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New agelenid genus Eratigena

The following taxonomic changes affect North America:

Tegenaria agrestis is now called Eratigena agrestis
Tegenaria duellica/gigantea, T. saeva, and T. atrica are all synonymized under Eratigena atrica
Malthonica pagana moved back to Tegenaria

These changes are already in effect, but the World Spider Catalog has not listed them yet (since it's only updated every 6 months). They'll be shown in version 14.5 at the end of this year. I doubled-checked with Dr. Platnick to make sure they would be reflected there (they will). So, like with Tigrosa a while back, I guess we just move things now since the paper is already out (someone commented in re: to Tigrosa that since the paper is published, that means it is in effect immediately).

Note that Tegenaria domestica and Tegenaria chiricahuae have not moved (still in genus Tegenaria).

The recent research responsible for this change was published in this paper:

Bolzern, Burckhardt, & Hänggi, 2013. "Phylogeny and taxonomy of European funnel-web spiders of the Tegenaria-Malthonica complex (Araneae: Agelenidae) based upon morphological and molecular data." Zoological Journal of the Linnean Society 168: 723–848.

Both morphological (physical traits) and molecular (DNA/genes) analyses were used to determine that those species belonged in a separate genus.

There were many other (overseas) species that were affected in the findings, but I've only listed the species we can find in North America, since that is what we deal with here.

Looks like a few of us misread this paper (not you guys, but the folks I've been talking with)! It's about 126 pages and though I still briefly looked through it, I took someone else's word on the new changes (won't make that mistake again!).
The changes are actually way bigger! Tegenaria duellica (=T. gigantea) AND T. saeva are both synonymized with Eratigena atrica! So actually now the only species of huge, long-legged funnel weavers is Eratigena atrica! No more calling anything duellica/gigantea/saeva anymore - they're all E. atrica (unless the additional studies they're doing can falsify the findings of the paper, that is). I've confirmed all this personally with the paper's author (Angelo Bolzern), so no mistakes this time.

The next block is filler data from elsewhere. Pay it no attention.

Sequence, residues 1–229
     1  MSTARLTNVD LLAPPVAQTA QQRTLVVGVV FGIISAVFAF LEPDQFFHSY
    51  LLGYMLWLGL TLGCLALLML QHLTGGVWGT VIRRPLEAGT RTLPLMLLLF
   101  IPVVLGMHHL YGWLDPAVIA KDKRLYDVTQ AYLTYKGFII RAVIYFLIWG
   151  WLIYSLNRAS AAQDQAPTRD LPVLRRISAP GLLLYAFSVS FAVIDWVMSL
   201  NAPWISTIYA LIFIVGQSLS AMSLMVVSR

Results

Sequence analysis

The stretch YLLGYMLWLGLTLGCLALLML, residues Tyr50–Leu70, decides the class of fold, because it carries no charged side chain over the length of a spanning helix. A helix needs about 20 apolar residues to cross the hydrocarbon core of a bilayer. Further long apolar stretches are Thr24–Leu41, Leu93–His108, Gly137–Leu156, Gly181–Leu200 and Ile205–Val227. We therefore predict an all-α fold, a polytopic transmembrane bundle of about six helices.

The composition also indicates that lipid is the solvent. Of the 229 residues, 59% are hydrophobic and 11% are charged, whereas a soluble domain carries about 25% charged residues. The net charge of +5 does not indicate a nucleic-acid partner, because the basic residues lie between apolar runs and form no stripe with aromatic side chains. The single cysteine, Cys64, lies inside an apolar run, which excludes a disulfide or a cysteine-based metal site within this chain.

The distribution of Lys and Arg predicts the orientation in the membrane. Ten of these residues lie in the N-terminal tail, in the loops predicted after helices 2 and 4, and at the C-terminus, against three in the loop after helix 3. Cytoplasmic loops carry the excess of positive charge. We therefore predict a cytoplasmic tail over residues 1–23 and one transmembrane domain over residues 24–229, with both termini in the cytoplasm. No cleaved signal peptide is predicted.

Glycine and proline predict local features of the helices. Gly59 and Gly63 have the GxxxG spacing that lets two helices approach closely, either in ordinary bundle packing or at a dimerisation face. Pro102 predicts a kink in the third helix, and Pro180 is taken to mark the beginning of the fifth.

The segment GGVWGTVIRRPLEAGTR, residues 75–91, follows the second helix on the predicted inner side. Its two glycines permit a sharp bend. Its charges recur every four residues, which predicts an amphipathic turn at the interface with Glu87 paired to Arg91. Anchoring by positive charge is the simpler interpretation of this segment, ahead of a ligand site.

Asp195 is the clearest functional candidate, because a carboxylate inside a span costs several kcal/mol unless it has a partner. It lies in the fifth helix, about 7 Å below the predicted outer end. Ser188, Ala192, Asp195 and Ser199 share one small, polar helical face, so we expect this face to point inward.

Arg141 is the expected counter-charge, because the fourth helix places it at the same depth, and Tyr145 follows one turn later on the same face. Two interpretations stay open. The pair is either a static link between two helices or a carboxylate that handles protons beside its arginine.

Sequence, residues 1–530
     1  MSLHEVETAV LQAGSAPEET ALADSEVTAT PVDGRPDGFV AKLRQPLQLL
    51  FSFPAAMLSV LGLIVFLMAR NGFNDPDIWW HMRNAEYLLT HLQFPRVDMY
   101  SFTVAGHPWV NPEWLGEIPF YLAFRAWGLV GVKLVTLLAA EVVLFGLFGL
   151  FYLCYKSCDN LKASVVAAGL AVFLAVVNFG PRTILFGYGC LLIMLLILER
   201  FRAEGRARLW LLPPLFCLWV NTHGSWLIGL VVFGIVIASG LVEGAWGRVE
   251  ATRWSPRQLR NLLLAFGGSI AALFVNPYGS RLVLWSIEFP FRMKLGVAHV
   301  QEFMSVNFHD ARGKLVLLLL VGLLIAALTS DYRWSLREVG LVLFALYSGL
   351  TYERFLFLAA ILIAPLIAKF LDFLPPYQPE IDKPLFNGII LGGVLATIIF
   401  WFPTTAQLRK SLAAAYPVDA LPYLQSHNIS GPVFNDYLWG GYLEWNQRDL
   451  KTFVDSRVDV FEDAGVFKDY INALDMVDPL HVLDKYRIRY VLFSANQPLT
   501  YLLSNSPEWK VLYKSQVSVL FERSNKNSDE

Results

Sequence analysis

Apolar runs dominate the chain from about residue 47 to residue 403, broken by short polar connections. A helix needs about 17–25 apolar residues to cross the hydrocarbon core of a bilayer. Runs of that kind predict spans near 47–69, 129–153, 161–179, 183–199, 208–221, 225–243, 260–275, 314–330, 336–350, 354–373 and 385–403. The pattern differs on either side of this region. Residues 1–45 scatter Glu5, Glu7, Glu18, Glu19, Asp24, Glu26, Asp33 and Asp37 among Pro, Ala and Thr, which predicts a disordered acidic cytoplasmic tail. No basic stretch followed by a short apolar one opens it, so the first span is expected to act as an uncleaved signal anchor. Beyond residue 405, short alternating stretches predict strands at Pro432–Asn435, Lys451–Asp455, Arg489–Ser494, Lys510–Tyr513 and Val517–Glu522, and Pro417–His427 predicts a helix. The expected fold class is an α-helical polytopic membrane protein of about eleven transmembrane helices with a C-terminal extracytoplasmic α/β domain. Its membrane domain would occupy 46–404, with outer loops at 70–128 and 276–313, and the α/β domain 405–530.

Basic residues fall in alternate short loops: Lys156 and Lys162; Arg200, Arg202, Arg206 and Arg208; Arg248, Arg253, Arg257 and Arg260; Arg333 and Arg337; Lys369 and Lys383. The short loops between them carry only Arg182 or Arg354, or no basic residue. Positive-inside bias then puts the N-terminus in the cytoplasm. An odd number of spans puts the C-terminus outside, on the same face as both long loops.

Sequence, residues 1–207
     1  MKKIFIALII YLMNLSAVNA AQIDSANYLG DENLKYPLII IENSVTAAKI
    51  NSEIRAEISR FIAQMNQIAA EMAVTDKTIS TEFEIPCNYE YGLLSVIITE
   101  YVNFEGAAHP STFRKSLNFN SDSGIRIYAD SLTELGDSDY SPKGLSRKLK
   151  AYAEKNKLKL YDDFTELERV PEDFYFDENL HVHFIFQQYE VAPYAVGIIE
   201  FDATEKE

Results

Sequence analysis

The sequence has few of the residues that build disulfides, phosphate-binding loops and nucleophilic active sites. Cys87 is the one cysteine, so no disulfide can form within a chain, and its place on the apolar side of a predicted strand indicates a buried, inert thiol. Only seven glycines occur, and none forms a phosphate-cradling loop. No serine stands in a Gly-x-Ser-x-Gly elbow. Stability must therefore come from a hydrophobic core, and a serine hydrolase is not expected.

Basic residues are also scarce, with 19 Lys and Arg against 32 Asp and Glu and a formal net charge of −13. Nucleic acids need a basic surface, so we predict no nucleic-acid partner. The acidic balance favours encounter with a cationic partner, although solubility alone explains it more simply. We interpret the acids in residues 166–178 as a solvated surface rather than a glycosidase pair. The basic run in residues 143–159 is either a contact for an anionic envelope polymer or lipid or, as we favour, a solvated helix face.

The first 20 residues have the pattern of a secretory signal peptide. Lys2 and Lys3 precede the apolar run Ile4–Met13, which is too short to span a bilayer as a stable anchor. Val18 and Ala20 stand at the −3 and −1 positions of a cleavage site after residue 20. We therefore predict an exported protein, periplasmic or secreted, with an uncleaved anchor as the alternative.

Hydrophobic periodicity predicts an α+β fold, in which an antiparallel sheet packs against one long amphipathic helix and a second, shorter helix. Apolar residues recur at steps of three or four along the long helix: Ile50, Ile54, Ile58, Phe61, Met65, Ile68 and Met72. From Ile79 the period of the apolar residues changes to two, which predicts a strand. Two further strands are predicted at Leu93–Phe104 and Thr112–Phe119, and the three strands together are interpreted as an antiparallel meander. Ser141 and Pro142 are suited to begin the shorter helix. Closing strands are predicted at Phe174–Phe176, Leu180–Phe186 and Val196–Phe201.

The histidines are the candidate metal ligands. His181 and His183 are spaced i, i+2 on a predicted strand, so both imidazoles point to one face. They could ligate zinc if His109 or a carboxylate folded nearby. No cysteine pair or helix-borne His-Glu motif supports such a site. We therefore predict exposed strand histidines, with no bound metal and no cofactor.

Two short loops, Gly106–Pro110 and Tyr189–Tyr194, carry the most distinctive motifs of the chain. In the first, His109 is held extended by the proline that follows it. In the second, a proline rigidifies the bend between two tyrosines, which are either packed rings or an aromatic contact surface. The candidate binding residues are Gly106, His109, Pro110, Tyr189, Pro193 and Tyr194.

Sorry everyone! I'm currently fixing this grave error in the Guide....
This will definitely take a while to commit to memory!
(I edited the original forum post to add the correct info.)

Holy Cow again
We lost a species! Well I guess it will make it easier to ID those huge ones. =] Thanks much for doing all the research & work!

Holy cow is right, haha! But I agree, it will also make it easier to ID the big ones. Sorry for the big mistake the first time around! I think I have it all worked out on BugGuide now. I kept the original T. gigantea page since it had all the info, but then just renamed it to Eratigena atrica and then edited the text as needed. Then deleted the actual atrica page we already had (only had a few pics there, which I moved beforehand). Also edited the Agelenidae, Tegenaria, and Eratigena pages. Hopefully I got everything. (And hopefully we won't have to move them back in a year or something! ha Angelo Bolzern said they are still currently doing more work to see if they can falsify the results, but from what I've heard from most arachnologists, including Dr. Platnick, the change seems valid.)

Holy Cow
Interesting changes! Thanks Mandy.

Well, it's done =)
Thank you for your input, everyone! I went ahead and moved everything, which included changing all the species info pages to reflect the new genus names, so hopefully I didn't miss anything. If anyone has time and would like to double check things, that would be great.

I also did end up moving Tegenaria gigantea to Eratigena duellica.

This is sure a surprise. Tegenaria was easier to pronounce! :)

Following the WSC sounds good to me. Especially as the number of editors contributing to the spider section goes up, I think it's important to be consistent.

How are you pronouncing it? I would say era-TIG-ena, which is not sooo difficult.

That's more or less how I originally wanted to pronounce it too. Mandy explained it a while ago, it's supposed to be air-uh-TIH-jen-uh.

Okay, that works for me, too.
Okay, that works for me, too. Thanks.


air-uh-TIH-jen-uh is how Dr. H. D. Cameron said it should be pronounced (I've been consulting him for our species guides at, to make sure I'm writing the pronunciations correctly).

I also agree with following the WSC.

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